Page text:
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The frozen winter of our web content

The Northeast’s recent weather featured a nor’easter and a severe, extended cold snap – where temperatures plunged below zero. From late December through the first week in January, for 17 of 35 major climate sites, the period ranked among the top ten longest streaks of consecutive days below 32 degrees, according to NOAA’s Northeast Regional Climate Center at Cornell.

The climate center reported that Erie, Pennsylvania shattered snow records – receiving almost double the record amount of snow for a one-month period. Erie saw 121.3 inches of snow December 2017. The previous record was 66.9 inches of snow in December 1989. For Erie, it was nearly a 94-inch departure from normal.

Snowy Caribou, Maine averages 22.9 inches of snow, but 34.2 inches fell in December and Rochester, New York averages 21.8 inches, but saw 34.7 inches – just shy of 3 feet – during the same period.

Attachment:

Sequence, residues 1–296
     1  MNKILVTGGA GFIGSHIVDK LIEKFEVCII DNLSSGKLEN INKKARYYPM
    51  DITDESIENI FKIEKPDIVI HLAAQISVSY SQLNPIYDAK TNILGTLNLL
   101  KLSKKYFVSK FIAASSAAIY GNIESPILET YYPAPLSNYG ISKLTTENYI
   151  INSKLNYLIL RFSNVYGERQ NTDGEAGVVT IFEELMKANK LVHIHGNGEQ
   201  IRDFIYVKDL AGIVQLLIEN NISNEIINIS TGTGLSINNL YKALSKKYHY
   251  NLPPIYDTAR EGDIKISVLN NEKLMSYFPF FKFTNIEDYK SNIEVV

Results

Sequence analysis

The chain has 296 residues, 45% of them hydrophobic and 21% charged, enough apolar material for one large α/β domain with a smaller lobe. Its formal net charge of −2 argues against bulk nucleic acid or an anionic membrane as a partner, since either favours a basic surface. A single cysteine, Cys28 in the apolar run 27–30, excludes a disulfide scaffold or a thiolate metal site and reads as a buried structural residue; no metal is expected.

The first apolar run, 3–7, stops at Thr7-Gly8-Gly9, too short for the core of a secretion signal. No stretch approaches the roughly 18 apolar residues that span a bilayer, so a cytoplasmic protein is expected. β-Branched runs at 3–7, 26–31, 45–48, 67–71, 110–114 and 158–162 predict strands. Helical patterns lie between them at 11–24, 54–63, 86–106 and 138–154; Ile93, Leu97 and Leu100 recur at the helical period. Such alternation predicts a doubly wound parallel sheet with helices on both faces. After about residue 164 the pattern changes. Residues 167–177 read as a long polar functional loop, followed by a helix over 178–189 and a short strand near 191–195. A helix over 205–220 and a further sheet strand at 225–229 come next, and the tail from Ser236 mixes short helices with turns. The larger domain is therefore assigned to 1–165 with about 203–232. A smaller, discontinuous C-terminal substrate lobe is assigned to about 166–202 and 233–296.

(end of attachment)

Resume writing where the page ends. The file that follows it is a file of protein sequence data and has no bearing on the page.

With many people indoors and staying warm, web surfers sought out climate change information. A 2012 Scientific American article, “The Winters of Our Discontent,” by Chuck Greene, professor of Earth and Atmospheric Sciences, enjoyed a wintry revival, according to ResearchGate.com. The article explains climate change and how the loss of Arctic sea ice favors harsh winter weather in the United States and Europe. Among science articles in December 2017, it was the most-read among Cornell authors.

This article also appeared in the Cornell Chronicle.